Labour’s fate and revival in the US and Canada

This week, two labour historians talk about their new books on Canadian and US workers’ movements in the 20th century, books which offer important and practical lessons for unions today.

First up, I speak with Barry Eidlin, Assistant Professor of Sociology at McGill University, about his just-published book, Labor and the Class Idea in the United States and Canada. The book seeks to explain the divergence between the Canadian and US labour movements since the 1960s and we discuss everything from the recent Janus decision to how the US labour law regime obscures the fundamental power imbalances in the workplace to how Canadian unions still need internal revival despite their (somewhat) better position.

Next, I talk with Christo Aivalis, Postdoctoral Fellow in History at the University of Toronto, about his book, The Constant Liberal: Pierre Elliot Trudeau, Organized Labour and the Canadian Social Democratic Left. The title speaks for itself but the relationship between Trudeau and labour foreshadows how neoliberalism would be implemented in Canada in later decades and holds lessons for how labour should orient politically as well as fight Trudeau the younger today.

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BC’s resource economy: is it sustainable?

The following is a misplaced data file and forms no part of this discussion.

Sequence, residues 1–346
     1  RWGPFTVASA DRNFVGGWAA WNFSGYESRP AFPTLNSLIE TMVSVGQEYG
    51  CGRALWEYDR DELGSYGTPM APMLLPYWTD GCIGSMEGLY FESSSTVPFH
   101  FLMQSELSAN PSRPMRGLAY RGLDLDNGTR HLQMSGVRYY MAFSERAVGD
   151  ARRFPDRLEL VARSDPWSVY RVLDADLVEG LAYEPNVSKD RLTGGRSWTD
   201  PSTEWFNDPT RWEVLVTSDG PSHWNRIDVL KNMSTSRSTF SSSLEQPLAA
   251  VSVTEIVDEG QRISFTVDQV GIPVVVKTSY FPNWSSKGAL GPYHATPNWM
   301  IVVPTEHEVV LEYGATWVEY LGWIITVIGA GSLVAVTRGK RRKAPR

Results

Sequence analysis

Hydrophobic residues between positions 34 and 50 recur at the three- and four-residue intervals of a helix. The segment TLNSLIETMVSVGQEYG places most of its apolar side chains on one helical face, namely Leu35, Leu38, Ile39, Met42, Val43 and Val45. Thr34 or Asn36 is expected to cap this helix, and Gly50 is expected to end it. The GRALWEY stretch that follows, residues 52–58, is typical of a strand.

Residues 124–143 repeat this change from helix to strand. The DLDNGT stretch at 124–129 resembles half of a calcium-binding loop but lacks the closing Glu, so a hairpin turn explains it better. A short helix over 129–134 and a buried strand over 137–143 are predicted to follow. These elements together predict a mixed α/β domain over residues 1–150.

Today’s focus is on British Columbia’s resource economy. Although I’ll be talking about British Columbia in particular, the same issues come up in various guises across North America wherever the large-scale extraction of natural resources is economically important.

My two guests are Marc Lee, Senior Economist with the BC office of the Canadian Centre for Policy Alternatives, and Karen Cooling, long-time labour and environmental activist retired from Unifor. My first conversation with Marc focuses on the current state of BC’s extraction economy, looking in particular at LNG development. In the second part, I speak to Karen about the relationship between unions and the environmental movement in BC, partly from a personal perspective.

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In and out of crisis with Sam Gindin

Today’s podcast is a feature interview with fellow political economist Sam Gindin. I interrogate Sam about the political economy of the present: the exit from the 2007 crisis, the role of states, austerity, the place of finance and the possibilities of resistance.

Sam Gindin is a left political economist with a long career. He was the longtime Research Director of the CAW and later held the Packer Visiting Chair in Social Justice at York University. Most recently, Sam authored The Making of Global Capitalism with Leo Panitch, a book that has gone on to win prestigious awards and spark important debates.

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